Down To Brass Tacks: A Detailed Etching Of MoscowIn historical fiction, the facts draw the reader in, making the world of the novel believable. That's the lesson author Eva Stachniak learned from The Beginning of Spring, a Penelope Fitzgerald novel that immerses readers in the lives of its Russian characters.
Eva Stachniak is the author of The Winter Palace: A Novel of Catherine the Great.
I was struggling to write a historical novel when a friend introduced me to Penelope Fitzgerald. Months of researching had left me overwhelmed by the sheer volume of what I had uncovered. I wanted to use every new fact I learned.
"In just a few words," my friend said, giving me The Beginning of Spring, "Fitzgerald somehow manages to grasp the vanished time."
It was true. Even the first sentence of her book surprised me — not with the number of details, but with their selection, perfectly suited to the novel's time and place: "In 1913 the journey from Moscow to Charing Cross, changing at Warsaw, cost fourteen pounds, six shillings and threepence and took two and a half days."
The exact duration of the journey and the price of the tickets are marks of the Fitzgerald touch, her signature. Where I lost my way in the richness of my sources, she went for the mundane and specific, knowing that this was the road to her reader's trust.
The novel centers on Frank Reid, a print-shop owner who arrives home one day to learn that his wife has just left him, taking their three children with her. For reasons that go unexplained for most of the book, the children return a day later and have to be fetched from the station.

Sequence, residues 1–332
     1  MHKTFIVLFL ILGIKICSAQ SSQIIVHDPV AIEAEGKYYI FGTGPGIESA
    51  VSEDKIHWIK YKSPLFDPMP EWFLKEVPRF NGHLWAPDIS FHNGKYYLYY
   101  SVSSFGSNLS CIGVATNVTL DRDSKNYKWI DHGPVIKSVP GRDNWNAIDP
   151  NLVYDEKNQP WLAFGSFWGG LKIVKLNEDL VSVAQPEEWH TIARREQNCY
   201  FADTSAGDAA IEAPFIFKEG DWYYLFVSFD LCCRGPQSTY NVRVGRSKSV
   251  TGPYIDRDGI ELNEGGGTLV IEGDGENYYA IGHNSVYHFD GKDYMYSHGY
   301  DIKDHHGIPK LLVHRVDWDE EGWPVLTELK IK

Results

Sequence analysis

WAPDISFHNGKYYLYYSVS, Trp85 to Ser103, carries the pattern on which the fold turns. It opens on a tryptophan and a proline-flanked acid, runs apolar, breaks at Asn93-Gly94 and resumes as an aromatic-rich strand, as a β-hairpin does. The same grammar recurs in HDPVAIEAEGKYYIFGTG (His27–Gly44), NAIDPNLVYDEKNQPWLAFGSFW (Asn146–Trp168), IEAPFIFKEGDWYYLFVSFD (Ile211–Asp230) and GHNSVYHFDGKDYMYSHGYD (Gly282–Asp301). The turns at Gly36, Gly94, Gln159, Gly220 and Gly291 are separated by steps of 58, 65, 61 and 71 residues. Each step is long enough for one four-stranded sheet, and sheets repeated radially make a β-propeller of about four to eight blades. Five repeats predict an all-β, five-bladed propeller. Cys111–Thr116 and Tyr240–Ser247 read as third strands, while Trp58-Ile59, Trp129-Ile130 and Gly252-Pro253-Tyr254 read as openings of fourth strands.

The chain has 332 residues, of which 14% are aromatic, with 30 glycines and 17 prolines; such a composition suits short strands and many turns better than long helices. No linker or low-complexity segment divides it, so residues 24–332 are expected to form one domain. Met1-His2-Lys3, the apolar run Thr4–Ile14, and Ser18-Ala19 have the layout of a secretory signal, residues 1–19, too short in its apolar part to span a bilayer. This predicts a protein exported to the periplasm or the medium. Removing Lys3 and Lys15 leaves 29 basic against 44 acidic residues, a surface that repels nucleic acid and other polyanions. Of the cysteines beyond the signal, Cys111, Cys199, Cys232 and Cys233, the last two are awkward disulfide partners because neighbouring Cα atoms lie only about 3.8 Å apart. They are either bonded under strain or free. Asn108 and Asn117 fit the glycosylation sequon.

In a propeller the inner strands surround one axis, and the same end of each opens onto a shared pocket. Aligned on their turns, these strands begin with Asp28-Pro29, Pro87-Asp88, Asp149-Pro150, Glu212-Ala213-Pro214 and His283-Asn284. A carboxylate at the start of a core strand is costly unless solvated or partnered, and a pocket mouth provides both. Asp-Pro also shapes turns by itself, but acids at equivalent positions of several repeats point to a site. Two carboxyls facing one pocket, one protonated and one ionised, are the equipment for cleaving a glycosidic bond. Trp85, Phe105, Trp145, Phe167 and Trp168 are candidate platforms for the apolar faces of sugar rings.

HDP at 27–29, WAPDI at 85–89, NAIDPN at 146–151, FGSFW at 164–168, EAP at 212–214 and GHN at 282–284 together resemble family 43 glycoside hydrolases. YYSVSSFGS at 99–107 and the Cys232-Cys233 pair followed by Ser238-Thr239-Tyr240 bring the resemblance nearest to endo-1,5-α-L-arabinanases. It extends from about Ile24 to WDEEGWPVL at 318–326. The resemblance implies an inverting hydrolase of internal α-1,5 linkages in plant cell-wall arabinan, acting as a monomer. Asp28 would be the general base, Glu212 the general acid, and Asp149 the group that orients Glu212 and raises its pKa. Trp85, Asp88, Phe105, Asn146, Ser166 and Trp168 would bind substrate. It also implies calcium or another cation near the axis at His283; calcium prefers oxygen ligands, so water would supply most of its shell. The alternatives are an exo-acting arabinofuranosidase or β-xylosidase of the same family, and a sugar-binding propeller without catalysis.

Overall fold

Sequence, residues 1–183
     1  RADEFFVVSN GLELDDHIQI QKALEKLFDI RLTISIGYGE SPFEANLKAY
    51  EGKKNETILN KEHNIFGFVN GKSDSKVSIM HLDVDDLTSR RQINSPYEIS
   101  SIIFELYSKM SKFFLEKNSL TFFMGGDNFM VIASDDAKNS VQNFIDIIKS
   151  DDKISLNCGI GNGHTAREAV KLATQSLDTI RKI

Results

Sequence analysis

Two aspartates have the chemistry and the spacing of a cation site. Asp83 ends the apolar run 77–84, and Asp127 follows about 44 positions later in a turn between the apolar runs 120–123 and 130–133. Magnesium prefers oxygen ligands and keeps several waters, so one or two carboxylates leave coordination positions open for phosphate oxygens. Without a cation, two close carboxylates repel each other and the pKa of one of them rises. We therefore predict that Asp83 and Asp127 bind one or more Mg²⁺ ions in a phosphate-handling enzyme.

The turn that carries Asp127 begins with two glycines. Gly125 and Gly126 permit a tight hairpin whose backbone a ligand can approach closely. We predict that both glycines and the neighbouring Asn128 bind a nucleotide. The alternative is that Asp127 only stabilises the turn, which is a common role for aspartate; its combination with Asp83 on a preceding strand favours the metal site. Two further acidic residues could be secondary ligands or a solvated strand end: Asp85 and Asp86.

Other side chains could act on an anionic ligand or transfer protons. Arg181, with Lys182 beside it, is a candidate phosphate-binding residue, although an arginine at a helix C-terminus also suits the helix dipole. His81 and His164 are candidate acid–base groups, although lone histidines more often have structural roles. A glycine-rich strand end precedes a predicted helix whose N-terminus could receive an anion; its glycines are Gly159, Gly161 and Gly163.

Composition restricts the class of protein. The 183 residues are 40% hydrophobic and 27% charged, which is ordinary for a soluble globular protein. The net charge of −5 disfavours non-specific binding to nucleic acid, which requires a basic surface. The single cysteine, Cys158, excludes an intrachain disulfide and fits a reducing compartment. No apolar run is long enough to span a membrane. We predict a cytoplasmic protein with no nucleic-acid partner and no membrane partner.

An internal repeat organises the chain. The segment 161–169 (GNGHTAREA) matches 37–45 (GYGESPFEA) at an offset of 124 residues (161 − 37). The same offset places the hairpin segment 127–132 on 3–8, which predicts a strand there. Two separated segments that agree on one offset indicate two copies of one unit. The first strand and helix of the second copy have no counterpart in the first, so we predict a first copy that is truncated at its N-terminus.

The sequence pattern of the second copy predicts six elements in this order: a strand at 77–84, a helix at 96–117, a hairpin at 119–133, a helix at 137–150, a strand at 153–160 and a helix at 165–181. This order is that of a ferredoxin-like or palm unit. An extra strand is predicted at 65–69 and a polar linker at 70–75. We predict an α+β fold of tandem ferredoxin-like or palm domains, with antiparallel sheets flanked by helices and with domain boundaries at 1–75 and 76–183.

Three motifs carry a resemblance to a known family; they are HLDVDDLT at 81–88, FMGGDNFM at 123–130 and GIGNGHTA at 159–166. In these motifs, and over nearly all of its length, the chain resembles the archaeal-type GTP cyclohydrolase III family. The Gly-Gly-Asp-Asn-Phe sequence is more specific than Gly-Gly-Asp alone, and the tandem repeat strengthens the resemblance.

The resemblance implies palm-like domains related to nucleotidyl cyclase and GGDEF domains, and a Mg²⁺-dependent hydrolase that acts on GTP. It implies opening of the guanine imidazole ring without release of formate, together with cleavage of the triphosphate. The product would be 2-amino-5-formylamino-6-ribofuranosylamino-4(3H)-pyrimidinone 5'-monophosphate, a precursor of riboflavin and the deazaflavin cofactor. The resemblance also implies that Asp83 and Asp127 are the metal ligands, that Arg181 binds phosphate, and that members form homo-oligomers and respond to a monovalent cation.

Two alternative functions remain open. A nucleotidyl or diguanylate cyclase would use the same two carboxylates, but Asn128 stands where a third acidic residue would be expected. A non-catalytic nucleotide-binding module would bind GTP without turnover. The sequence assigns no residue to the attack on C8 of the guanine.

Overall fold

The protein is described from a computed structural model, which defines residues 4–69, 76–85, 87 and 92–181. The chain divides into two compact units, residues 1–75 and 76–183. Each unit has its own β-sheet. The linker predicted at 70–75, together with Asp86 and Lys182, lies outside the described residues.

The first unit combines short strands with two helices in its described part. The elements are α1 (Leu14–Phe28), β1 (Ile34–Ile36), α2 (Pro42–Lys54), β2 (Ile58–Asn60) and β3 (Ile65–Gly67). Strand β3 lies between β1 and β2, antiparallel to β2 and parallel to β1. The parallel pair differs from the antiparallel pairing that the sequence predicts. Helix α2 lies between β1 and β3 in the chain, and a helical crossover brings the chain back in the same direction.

Born in Russia, Frank is a child of British parents and thus will always remain a foreigner. I recognized his predicament perfectly. I was 29 when I moved to Canada from Poland, a latecomer trying to make up for lost time. Although I spoke the language, I too was an outsider, capable of noticing what seemed invisible to others, and at the same time missing what seemed obvious to them.
Frank conducts business and negotiates the everyday transactions of life. It is not hard to see that although he has learned to navigate through the mysteries of his land, what others believe to be the spirit of Russia eludes him.
Penelope Fitzgerald allows her characters very short scenes, forcing her precise details to carry the novel's deeper meaning. With each perfectly crafted moment, she immerses the reader deeper into life in Moscow in the spring of 1913: Frank's colleague is putting money aside for bribes, with "something allowed for Grisha, Grigory Rasputin." A young man, possibly a political agitator, breaks into the print shop. Frank is visited by the police and encouraged to leave Russia. A mysterious young woman assumes the care of the Reid children.
Eva Stachniak was born in Wroclaw, Poland.
Fitzgerald creates a collage which, like a series of surprising and revealing photographs, captures Russia on the cusp of the October Revolution. This is Russia, earthly and spiritual, troubled and flawed, despairing and seething with bottled hurt. This will not be an ordinary spring.
As soon as I finished The Beginning of Spring I knew that Fitzgerald's mastery was something to study and to cherish. She reminded me that in a novel, like in a poem, each sentence must carry its share of the larger meaning — not through generalizations, but through the ultimate art of choosing the right detail.
This is what attracted me to Fitzgerald's world: her urgency, and her keen and observant eye. As an immigrant writer trying to lose myself in history, these became my most precious and trusted tools.
You Must Read This is produced and edited by Ellen Silva with production assistance from Rose Friedman and Andrew Otis.